The deadline of October 1, 2015 is fast approaching. The massive increase in codes and the demand for increased specificity has made billing a burdensome task for providers. It is vital that all your systems are ICD-10 compatible and your coders well trained to endure the burden of almost 68,000 codes.
MBC has been playing a significant role in preparing it's clients for ICD-10 and helping them in adjusting workflows once ICD-10 hits.
ICD-10 will see a dramatic increase in codes form 14000 to almost 68,000 and the in-patient procedures will move from a 11,000 to 87,000. Given this enormous increase, it is easy to comprehend the amount of efforts required for the conversion. These efforts include the immense amount of money that will have to be spent in order to become ICD-10 compliant. Expense for the conversion would range from a minimum of around $100,000 to a million dollars.
No matter the huge costs incurred, there is no guarantee that ICD-10 will not affect your process or burden your practice with slow reimbursements.
The International Classification of Diseases, 10th Revision, Clinical Modification (ICD-10-CM) is a revision of the ICD-9-CM. Public health workers can use the ICD codes to watch for trends in health and track morbidity and mortality. ICD codes are used by insurers to classify conditions and determine reimbursement. ICD-10 has more than 68,000 diagnostic codes as compared to the 13,000 found in ICD-9. The new coding system includes double the categories and calls for more specificity in identifying treatment.
Every person and organization that is a part of the US healthcare will be affected by the transition to ICD-10. This herculean change will require immense preparation and effort and anyone who uses medical diagnosis codes and covered by the Health Insurance Portability Accountability Act (HIPAA), will be impacted. Insurance companies like Medicaid and Medicare will be impacted by ICD-10. A considerable rise in the number of codes used for patient diagnosis will call for training for the new codes.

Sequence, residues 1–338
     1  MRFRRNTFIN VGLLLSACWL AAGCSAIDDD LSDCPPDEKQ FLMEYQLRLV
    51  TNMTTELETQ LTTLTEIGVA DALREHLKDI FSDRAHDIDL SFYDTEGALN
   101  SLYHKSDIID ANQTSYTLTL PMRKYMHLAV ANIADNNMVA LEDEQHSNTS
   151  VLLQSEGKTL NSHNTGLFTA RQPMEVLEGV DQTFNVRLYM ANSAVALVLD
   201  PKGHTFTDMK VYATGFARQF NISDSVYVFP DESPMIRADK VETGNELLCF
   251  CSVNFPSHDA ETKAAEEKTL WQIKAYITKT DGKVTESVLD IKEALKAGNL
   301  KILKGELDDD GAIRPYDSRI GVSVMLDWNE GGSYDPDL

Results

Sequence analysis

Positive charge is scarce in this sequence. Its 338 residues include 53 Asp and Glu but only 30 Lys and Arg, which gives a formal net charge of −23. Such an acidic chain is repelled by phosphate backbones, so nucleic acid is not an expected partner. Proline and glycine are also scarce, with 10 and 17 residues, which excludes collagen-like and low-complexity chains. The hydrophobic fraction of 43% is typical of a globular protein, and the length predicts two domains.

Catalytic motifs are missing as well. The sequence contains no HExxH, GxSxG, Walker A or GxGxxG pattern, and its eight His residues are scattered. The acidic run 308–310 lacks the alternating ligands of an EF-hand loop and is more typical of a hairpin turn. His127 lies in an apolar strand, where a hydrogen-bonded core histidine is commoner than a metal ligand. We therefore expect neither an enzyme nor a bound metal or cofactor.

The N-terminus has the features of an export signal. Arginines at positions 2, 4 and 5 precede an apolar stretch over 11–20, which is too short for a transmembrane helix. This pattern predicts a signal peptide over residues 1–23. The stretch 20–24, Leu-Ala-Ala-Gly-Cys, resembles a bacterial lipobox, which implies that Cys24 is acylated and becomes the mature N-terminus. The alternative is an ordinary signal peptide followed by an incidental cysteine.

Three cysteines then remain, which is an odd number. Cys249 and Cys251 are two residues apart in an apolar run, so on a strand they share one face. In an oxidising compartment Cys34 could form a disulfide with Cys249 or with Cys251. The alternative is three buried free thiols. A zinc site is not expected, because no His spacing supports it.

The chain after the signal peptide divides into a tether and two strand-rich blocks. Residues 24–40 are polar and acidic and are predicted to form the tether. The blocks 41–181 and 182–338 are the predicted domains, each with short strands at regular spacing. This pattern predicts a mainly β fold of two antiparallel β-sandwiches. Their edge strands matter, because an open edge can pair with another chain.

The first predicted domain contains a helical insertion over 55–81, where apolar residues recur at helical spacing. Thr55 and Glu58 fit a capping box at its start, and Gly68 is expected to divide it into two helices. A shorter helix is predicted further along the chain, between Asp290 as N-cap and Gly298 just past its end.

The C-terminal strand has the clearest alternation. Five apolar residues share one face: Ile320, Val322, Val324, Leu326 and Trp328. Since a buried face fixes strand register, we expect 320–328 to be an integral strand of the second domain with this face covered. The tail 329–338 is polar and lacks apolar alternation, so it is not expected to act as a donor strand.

A clearinghouse sorts, formats and organizes claims for payers to process. The coding and administrative staff must be well prepared to adapt to ICD-10. All health IT vendors must upgrade their software. They will need to work in collaboration with their customers and test all updates using new diagnosis codes. ICD-10 is thus going to hit every sphere of healthcare.
Regardless of the benefits of ICD-10, the implementation cost will be huge and so it is important for individual practices to set a budget for the coming months. Early stages of ICD-10 are expected to bring in more denials, the rate increasing by 100 to 200 percent and account receivables are said to grow by 20 to 40 percent.
Transitioning to ICD-10 need not be as difficult as it may seem. MBC has a team of well-trained ICD-10 coders who guarantee a smooth transition with zero loss of revenue and reduced number of denials. Our ICD-10 coders can help you analyze your revenue cycle which can prove useful in reducing the negative impact of ICD-10. Our services extend to getting you ICD-10 compatible and conducting test scenarios for your practice and fixing issues at various levels
MBC's expert ICD-10 coders are significant in strategizing your denial management in order to mitigate revenue losses in your practice and minimize disruption of cash flow.